His memory was neglected for years. When the city government abandoned Old City Hall for New City Hall in 1965, a grand portrait of Mr. Hubbard that had graced the walls of the old building for years was left in a storage room until 1976, when a new interest in black history was emerging. (Since the late 1980s, the city has also issued an award for activists in his name.)

That portrait hangs in the office of Toronto’s only sitting black councillor, Scarborough’s Michael Thompson, but even he had never heard of Mr. Hubbard until he began researching his story while working as a political aide at city hall in the late 1990s.

Written by Randy McDonald

October 22, 2016 at 6:15 pm

[URBAN NOTE] “Vancouver-area renters being pushed away from transit corridors”

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In The Globe and Mail, Kerry Gold reports on the pressures that are pushing renters away from the rapid transit networks that they use so regularly. At this rate, who will be able to afford to live in Vancouver but the rich?

Since the majority of transit users are renters and low-income earners, building low-cost housing around transit would seem obvious.

But overwhelmingly, dense, free-market condo developments have been the priority around transit stations. The result is an increase of property values that have displaced the renters that need transit the most. In the Metrotown area of Burnaby, and near the Evergreen Line in Burquitlam, old rental buildings are being torn down to make way for pricier condos.

It’s a state of affairs that has exasperated housing advocates like Kishone Roy, chief executive officer of the BC Non-Profit Housing Association. Mr. Roy, like a growing number of others who’ve studied the issue, says that no transit plan should go forward without a plan for affordable housing. The housing crisis simply can’t be fixed without the transit piece.

“It is extremely backward public policy that the only people that can afford to live along transit lines in Metro Vancouver are people who can afford a car – and the people who need transit can’t afford to live along those transit lines,” says Mr. Roy. “It’s happened for an array of reasons, including lack of government participation in the affordable housing market. There’s been an abdication of the government’s role in housing that’s created mass homelessness, a rental housing crisis, and this weird development problem we have in Vancouver, where we have transit investments, but no housing investments at the same time.”

That means building dense, affordable housing around transit lines that are already in the works.

“It’s a game of diminishing returns, because when you lose that housing along the transit line, then you have to build somewhere else, and then they will need more transit out there. You can spend less and get more, if you plan these things together.

Written by Randy McDonald

October 22, 2016 at 5:45 pm

[URBAN NOTE] “Affordable Housing Incentives Encourage Development, But Still Fall Short”

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Torontoist’s Tannara Yelland reports on a good idea re: Toronto’s housing crisis that needs more thorough implementation.

With a dearth of affordable housing options in the city, municipal administrators have long known they need to do more to ensure that Toronto residents can actually afford to be Toronto residents. In 2009, City Council adopted Housing Opportunities Toronto—An Affordable Housing Action Plan 2010-2020 [PDF]. The ambitious plan called for the creation of 10,000 new affordable rental homes and 2,800 affordable ownership homes. The City has since fallen short of yearly targets several times and looks like to fall far short of its final targets as well.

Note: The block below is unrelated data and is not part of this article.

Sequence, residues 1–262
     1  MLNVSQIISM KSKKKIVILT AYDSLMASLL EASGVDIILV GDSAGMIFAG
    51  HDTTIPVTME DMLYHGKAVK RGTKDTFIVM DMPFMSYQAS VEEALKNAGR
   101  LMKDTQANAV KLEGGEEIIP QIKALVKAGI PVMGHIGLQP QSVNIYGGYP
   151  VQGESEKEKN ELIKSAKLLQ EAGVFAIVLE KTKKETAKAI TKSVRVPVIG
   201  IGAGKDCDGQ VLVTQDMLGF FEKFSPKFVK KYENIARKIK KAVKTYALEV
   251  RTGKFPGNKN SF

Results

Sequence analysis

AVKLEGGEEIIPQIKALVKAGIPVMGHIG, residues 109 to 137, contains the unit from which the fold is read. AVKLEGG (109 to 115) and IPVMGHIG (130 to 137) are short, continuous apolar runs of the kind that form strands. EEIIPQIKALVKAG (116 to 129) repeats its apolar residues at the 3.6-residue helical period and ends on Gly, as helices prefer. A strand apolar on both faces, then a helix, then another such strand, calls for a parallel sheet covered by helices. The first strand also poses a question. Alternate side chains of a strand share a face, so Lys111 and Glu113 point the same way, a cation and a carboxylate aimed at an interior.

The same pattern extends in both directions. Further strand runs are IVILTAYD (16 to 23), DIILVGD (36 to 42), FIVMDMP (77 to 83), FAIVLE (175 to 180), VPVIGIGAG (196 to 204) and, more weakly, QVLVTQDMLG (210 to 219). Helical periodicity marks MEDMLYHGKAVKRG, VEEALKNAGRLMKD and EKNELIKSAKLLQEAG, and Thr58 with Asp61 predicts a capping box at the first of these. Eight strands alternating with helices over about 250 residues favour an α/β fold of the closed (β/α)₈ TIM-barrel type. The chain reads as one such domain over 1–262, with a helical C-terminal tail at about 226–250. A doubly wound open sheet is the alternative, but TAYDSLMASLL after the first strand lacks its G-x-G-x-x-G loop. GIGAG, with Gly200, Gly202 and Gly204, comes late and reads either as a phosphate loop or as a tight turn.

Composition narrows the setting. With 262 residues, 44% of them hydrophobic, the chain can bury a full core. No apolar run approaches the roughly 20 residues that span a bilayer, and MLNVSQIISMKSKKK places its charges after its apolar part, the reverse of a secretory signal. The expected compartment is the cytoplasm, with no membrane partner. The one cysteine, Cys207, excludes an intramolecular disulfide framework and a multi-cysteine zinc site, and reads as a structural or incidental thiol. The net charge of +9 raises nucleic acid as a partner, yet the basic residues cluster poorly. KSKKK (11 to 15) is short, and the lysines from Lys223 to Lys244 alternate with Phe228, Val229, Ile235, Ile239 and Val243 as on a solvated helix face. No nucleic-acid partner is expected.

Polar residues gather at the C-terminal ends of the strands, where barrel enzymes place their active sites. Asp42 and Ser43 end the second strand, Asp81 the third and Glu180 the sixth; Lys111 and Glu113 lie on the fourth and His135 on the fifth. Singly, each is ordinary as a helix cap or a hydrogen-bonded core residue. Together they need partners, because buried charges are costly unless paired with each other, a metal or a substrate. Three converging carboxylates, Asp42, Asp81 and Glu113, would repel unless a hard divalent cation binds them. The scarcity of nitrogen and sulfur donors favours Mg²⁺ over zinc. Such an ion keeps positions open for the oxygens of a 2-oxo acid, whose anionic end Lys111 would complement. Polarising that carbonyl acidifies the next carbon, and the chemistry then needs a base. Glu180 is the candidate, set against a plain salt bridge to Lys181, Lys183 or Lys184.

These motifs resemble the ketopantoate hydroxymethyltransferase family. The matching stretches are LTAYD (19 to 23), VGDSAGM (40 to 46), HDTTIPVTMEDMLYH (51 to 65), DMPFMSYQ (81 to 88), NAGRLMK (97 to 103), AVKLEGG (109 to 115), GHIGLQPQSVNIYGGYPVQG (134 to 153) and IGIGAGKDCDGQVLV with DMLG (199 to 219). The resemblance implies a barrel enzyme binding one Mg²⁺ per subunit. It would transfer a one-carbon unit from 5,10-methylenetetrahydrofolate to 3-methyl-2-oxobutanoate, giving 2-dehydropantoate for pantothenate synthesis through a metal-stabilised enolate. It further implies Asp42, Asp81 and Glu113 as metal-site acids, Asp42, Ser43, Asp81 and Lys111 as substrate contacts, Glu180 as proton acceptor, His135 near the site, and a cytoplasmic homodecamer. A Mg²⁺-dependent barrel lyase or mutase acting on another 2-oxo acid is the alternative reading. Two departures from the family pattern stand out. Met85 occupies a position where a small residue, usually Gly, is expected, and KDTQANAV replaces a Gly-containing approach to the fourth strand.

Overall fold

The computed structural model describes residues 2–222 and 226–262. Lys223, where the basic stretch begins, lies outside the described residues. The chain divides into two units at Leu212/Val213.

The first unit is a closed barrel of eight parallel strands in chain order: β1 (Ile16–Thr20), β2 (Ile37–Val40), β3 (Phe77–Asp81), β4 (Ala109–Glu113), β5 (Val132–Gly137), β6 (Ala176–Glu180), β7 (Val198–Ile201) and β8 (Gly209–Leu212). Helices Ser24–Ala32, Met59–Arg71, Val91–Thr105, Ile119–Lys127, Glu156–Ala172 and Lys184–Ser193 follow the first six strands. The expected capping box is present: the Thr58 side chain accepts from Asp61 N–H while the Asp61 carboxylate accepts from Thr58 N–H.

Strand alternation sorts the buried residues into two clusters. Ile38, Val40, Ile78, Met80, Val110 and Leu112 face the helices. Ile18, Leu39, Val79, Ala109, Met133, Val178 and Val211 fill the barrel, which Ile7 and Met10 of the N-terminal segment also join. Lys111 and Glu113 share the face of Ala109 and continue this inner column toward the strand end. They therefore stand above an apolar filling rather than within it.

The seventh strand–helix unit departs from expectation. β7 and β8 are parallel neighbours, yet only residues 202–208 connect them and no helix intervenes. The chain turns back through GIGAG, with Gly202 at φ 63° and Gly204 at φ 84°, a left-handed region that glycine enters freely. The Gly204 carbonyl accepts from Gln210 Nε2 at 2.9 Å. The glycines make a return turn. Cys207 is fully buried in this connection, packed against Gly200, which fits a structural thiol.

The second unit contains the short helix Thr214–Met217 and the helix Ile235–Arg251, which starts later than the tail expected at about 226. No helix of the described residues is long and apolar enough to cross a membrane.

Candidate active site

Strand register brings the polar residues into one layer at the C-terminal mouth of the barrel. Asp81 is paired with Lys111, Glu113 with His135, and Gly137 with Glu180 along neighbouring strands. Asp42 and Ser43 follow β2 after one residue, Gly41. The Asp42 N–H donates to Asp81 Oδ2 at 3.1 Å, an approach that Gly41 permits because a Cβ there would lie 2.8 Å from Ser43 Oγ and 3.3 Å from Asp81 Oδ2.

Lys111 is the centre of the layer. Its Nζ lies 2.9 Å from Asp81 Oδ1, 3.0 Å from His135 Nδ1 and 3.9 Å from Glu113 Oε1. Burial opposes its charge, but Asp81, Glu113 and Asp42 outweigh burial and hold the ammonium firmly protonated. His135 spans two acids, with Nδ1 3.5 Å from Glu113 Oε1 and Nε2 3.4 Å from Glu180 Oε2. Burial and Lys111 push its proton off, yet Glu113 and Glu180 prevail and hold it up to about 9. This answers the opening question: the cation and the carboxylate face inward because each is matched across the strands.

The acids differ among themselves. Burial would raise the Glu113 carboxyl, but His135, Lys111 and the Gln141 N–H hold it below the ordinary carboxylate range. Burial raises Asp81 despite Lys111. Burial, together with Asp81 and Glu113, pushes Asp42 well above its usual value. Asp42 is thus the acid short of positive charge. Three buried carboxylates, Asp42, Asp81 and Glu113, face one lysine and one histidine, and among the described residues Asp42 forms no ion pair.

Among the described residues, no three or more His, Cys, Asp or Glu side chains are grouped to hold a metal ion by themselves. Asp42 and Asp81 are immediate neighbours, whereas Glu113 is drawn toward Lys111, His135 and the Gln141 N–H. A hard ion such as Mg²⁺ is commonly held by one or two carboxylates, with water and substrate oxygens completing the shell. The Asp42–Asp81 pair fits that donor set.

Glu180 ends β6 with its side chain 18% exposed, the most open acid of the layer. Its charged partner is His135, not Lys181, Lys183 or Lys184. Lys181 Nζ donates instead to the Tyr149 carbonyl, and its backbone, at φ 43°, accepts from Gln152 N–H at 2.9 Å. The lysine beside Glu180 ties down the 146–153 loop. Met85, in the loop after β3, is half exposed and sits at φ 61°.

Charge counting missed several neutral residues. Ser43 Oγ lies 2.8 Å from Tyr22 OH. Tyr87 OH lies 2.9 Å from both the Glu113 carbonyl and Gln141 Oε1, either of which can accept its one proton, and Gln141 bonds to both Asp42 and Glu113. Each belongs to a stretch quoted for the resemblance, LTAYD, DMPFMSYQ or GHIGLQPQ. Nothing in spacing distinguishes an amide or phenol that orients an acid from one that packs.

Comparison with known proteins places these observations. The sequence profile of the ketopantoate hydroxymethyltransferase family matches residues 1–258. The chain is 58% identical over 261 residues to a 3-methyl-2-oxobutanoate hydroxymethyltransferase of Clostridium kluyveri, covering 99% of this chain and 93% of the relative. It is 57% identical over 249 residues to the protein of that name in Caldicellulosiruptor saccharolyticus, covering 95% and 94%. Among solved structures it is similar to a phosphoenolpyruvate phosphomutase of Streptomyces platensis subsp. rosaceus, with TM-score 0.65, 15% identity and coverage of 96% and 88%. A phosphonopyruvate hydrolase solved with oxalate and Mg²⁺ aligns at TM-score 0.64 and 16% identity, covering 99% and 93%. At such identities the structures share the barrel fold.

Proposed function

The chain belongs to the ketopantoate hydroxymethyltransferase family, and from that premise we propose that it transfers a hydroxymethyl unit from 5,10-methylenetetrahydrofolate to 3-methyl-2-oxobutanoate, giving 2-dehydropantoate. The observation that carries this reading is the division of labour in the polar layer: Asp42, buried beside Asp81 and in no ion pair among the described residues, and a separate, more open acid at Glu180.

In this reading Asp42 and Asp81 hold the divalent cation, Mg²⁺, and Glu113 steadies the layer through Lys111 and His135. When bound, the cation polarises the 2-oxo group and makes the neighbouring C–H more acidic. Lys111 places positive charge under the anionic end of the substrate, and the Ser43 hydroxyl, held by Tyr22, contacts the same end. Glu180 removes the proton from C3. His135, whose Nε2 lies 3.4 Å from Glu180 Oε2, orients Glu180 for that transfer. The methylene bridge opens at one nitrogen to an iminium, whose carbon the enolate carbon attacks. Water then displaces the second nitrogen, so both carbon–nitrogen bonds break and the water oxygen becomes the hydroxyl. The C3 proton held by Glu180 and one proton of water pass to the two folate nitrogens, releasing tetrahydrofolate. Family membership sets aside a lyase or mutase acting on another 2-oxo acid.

When the City falls behind on its affordable housing policies, there are serious consequences for thousands of Torontonians. Around 88,000 households are on the waitlist for affordable housing right now, and with rents and property values only going up each year, that number is likely to continue growing.

The City felt it needed to encourage developers to create more affordable housing, and so the Open Door Program was launched in April 2015 to help address the policy challenge. The three “prongs” of the program, according to Erik Hunter, manager of policy and partnerships with Toronto’s Affordable Housing Office, are:
•Making city lands available for development;
•Fast-tracking the planning and approval process for developers creating affordable housing;
•“increasing the city’s supports and mainlining access to them for affordable housing developers.”

The program includes municipal tax breaks and breaks on fees to developers, which developers can take advantage of for as long as they agree to keep some units affordable (the minimum is 20 years).

It’s a pretty sweet deal for developers, who are already enjoying the benefits of a real-estate market that’s so red-hot it’s been the subject of repeated warnings, but that hasn’t yet driven people into cheaper nearby cities en masse. Of course, the City can’t force developers to build anything they don’t want to build. An inclusionary zoning bill is before the Ontario legislature; if passed, it could allow cities to require that affordable housing units be included in new developments, but for now cities are restricted in what they can tell developers. Toronto Community Housing is dealing with a $3.6 billion repair backlog that has people already in social housing living in sometimes unsafe conditions; thousands of units could be condemned within the next few years if additional funding isn’t secured.

Written by Randy McDonald

October 22, 2016 at 5:30 pm

[BLOG] Some Saturday links

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  • The Boston Globe‘s Big Picture shares photos of Massachusetts’ Mattapan trolley.
  • Centauri Dreams looks at Planet Nine’s effects and examines the weather of Titan.
  • Both The Dragon’s Tales and the Planetary Society Weblog react to the loss of the Schiaparelli lander.
  • The Dragon’s Gaze looks for brown dwarf exoplanets.
  • Personal Reflections’ Jim Belshaw reports on the sheer scale of the Australian real estate boom.
  • Window on Eurasia notes the beginning of an antiwar movement among Russian Orthodox faithful.
  • Arnold Zwicky shares a photo of a flowering tree in a Kyoto garden.